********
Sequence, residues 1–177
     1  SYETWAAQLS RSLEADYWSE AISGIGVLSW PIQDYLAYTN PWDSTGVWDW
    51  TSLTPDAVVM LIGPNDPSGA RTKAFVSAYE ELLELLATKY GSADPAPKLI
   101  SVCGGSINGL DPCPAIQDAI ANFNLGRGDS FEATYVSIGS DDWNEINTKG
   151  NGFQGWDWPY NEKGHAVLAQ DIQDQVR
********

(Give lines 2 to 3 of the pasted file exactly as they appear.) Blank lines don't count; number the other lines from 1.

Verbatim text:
     1  SYETWAAQLS RSLEADYWSE AISGIGVLSW PIQDYLAYTN PWDSTGVWDW
    51  TSLTPDAVVM LIGPNDPSGA RTKAFVSAYE ELLELLATKY GSADPAPKLI